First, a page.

Copyright does have to do with one person's creative work, because only creative work can be copyrighted. Information that doesn't meet the threshold of originality cannot be copyrighted, and reconstructions like *h₁eḱwo- and haglaz don't meet that threshold. We can't copy whole entries word for word from Pokorny, of course (not even translated into English), but he doesn't hold copyright over the information that *h₁eḱwo- is the reconstructed PIE word for "horse". Don't forget, that reconstruction is not his! He was not the one to propose the reconstructions in his dictionary; all he did was gather the reconstructed forms used throughout Indo-Europeanist literature into one convenient location. And when he did that, he wasn't violating the copyrights of the original scholars either -- a reconstructed PIE root or stem is simply too trivial. The roots that are going into the PIE appendix aren't Pokorny's, or Watkins's, or anyone's -- they're common knowledge in the field of Indo-European linguistics ("common" in the sense of "shared by everyone"), and Pokorny's dictionary is only being used as a reference to enable readers to verify that the root means what we say it does, and to read Pokorny's whole entry (which, since it isn't being copied here, will contain more information than the WT entry). Angr 16:34, 27 January 2007 (UTC)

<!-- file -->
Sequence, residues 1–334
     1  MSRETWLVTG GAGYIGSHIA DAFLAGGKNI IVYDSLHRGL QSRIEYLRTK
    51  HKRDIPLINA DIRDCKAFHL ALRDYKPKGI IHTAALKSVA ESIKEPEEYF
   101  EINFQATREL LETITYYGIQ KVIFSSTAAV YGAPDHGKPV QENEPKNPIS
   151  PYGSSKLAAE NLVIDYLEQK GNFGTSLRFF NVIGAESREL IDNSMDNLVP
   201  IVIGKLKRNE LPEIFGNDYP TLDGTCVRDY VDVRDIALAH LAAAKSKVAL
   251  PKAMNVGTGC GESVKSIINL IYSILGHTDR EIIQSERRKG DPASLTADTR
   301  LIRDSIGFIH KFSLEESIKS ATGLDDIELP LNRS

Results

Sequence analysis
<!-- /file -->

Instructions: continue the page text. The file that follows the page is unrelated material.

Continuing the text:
Then you should have no difficulty at all working from, and citing, the public domain source(s) of that "common knowledge", right? So readers can refer to the source you used (which won't be Pokorny) if they like? Then an additional reference to Pokorny is fine, we have such references to (e.g.) OED2, when (of course) not used as the source. Robert Ullmann 16:37, 27 January 2007 (UTC)